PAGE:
34. 34. When to use AdvanceOrganizers Group projects Interactive lessons Lectures Homework assignments Class work assignments Other content area instructional activities Almost every activity in the general education and special education classroom
  35. 35. Research and Theory aboutAdvance Organizers Generalizations based on research: 2. Should focus on what is important not unusual. 3. Higher level advance organizers produce deeper learning. 4. Most useful with information that is not well organized. 5. Different types produce different results.
  36. 36. Research and Theory aboutAdvance Organizers Generalization #1: Should focus on what is important not unusual. • Unusual may be interesting but can distract from what is important Generalization #2: Higher level advance organizers produce deeper learning. • Causes students to restructure info
  37. 37. Research and Theory aboutAdvance OrganizersGeneralization #3:Most useful with information that is not well organized. • Organizes information within a learning structureGeneralization #4:Different types produce different results. • 4 Types
  38. 38. Recommendations for Classroom Practice onAdvance Organizers Use all 4 types of advance organizers 1. Expository 2. Narrative 3. Skimming 4. Graphic  Not the only types  Advance organizers come in many formats
  39. 39. Jigsaw II Each group will research one of the advance organizers: expository, narrative, skimming, and graphic organizers. Each person in the group will have a product to share. (definition, examples, nonlinguistic) Use the graphic organizer to take notes.
  40. 40. Expository Describes content Written or oral Can include text and/or pictures Helps see patternsExample:Neurons are nerve cells that transmit nerve signals toand from the brain at up to 200 mph. The neuronconsists of a cell body (or soma) with branchingdendrites (signal receivers) and a projection called anaxon, which conduct the nerve signal.The axon, a long extension of a nerve cell, and takeinformation away from the cell body.Myelin coats and insulates the axon increasingtransmission speed along the axon.The cell body (soma) contains the neurons nucleus(with DNA and typical nuclear organelles). Dendritesbranch from the cell body and receive messages.
  41. 41. Narrative Story format Makes personal connections Makes seem familiarExample:Before beginning a unit about the experience of immigrant groups who moved to the U.S., Mr. Anderson told the story of his grandfather, who immigrated from Sweden.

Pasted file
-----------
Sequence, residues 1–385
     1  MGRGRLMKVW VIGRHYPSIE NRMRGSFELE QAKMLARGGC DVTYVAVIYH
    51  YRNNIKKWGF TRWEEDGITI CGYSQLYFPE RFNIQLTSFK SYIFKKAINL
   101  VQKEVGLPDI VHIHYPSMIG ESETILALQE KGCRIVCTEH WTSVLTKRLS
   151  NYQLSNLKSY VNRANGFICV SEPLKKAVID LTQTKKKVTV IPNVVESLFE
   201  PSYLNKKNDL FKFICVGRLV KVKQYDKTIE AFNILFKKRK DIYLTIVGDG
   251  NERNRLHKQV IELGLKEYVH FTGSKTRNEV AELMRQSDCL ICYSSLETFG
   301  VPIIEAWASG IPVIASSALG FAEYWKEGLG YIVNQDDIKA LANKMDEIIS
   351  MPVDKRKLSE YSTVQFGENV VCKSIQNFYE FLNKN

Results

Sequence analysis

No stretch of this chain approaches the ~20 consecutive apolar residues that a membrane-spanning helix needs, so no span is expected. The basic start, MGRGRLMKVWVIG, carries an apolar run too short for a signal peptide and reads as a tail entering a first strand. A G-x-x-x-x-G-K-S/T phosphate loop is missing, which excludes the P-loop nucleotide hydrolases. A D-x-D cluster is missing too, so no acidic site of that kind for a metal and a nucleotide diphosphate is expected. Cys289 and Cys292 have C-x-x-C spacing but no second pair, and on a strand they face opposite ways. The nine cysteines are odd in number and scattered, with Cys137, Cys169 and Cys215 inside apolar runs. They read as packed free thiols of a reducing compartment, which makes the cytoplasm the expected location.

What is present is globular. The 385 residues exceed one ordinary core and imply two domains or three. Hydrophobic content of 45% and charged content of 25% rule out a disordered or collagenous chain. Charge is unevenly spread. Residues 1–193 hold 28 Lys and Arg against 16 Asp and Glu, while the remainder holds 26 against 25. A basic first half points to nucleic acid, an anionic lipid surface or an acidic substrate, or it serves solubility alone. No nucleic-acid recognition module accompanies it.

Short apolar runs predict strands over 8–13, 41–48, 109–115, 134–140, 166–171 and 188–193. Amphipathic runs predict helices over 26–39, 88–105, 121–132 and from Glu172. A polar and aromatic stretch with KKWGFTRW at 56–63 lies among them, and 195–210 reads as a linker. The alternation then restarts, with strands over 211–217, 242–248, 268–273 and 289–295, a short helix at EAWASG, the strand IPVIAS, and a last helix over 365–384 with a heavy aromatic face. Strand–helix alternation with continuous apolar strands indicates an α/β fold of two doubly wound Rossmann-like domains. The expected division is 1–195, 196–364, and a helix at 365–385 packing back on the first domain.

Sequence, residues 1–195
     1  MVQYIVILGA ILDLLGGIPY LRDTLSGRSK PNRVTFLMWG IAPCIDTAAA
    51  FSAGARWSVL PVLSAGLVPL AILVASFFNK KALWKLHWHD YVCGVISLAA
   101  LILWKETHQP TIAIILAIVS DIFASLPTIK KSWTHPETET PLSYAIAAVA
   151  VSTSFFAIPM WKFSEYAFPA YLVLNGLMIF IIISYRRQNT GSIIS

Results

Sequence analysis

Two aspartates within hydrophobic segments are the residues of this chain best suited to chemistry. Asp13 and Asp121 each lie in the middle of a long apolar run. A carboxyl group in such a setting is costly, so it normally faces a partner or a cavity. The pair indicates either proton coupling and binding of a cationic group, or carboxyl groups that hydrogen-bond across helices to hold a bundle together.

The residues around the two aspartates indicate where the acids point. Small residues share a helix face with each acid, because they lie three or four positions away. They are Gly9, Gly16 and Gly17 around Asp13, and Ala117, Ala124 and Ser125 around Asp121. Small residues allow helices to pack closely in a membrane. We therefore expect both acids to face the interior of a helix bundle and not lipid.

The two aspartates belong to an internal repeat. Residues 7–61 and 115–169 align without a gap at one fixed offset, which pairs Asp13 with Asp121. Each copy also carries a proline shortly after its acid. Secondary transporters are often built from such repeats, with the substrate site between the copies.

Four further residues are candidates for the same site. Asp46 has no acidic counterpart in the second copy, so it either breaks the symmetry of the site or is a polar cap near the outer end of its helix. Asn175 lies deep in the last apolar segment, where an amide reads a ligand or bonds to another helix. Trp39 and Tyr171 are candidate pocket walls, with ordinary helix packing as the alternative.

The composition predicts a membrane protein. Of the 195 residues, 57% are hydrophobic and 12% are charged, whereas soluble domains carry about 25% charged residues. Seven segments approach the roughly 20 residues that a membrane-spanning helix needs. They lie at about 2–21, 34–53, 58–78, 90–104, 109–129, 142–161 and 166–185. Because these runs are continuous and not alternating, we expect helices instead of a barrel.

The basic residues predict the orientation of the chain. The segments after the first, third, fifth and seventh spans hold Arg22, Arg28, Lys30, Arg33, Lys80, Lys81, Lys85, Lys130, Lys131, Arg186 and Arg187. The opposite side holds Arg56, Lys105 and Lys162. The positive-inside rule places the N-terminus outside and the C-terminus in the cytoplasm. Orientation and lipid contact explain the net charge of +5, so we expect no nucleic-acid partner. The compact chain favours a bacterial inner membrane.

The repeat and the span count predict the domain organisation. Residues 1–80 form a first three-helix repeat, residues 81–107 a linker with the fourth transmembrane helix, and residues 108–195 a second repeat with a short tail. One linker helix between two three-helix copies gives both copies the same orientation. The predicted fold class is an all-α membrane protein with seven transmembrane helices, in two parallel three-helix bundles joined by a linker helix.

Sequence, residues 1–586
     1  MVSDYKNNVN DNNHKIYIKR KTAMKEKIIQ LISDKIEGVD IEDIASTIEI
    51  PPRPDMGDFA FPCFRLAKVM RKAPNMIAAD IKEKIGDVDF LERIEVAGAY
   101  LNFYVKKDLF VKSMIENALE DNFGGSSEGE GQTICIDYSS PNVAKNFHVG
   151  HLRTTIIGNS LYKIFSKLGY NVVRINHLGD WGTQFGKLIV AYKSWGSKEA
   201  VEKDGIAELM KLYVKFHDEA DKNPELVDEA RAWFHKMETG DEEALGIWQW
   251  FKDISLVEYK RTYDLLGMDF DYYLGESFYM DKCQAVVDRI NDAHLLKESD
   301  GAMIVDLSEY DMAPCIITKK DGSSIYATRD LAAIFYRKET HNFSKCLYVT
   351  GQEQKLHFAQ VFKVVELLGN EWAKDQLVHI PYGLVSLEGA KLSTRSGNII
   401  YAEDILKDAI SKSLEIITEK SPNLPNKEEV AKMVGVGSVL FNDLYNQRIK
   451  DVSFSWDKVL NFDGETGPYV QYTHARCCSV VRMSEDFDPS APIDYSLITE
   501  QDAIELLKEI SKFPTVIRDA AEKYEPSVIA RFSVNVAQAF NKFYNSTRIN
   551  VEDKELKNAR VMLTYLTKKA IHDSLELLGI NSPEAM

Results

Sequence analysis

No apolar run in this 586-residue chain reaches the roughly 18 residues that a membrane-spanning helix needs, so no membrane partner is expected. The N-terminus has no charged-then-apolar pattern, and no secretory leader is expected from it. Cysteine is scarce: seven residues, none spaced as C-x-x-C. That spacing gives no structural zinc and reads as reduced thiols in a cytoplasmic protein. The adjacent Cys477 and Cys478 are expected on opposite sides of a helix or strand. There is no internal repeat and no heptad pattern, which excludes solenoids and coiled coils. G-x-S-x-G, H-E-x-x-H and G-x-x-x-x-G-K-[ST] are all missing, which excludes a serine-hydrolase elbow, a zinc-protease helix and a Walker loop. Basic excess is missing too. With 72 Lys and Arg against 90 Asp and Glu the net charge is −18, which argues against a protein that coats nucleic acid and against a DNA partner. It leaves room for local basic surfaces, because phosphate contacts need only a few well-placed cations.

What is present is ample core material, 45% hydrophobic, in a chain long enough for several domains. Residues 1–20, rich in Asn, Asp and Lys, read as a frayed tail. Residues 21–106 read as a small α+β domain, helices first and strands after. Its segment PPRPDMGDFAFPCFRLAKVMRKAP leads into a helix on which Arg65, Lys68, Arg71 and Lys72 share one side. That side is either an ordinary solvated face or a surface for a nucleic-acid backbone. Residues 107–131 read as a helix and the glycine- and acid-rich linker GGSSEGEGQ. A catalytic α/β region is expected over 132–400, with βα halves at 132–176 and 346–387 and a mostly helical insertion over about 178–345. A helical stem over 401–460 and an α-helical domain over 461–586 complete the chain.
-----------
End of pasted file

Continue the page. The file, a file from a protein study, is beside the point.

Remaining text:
42. 42. Skimming Preview important information quickly by noting what stands out in headings and highlighted information Pre-reading questions or SQ3R (survey, question, read, recite, review) can be helpful before skimmingExample:When beginning a new lesson, gives students 60 seconds to skim an article paying close attention to headings, subheadings, and the first sentence of each paragraph.This helps students become aware of what information they will be learning when they read the article more carefully.
  43. 43. Graphic Organizers Type of nonlinguistic representation which visually represents what the students will learnExamples:
  44. 44. Graphic Organizers-More ExamplesFind words that rhyme:Inverted Triangle (going from general to specific):
  45. 45. Partner Activity Count off by 3’s In your group discuss: Teachers say they don’t have time to develop cues, questions, and advance organizers. What would you say to them? Person #3 rotate to a new group and summarize your group’s discussion. Then discuss:. How could you model the use of these 3 strategies? Person #2 rotate and summarize. Discuss question: What are “look fors” in the classroom for effective use of these strategies?
  46. 46. In conclusion Before learning new information, teachers should help students retrieve what they already know about a topic or “activate prior knowledge”. Cues, questions and advance organizers are three common ways that a classroom teacher helps students use what they already know about a topic to learn new information. Cues give hints of what is to be learned. Analytical and inferential questions asked of students before learning help fill in the gaps and provide a focus for learning. Narrative advance organizers, skimming, and graphic organizers help students focus on important information by providing a mental set.

×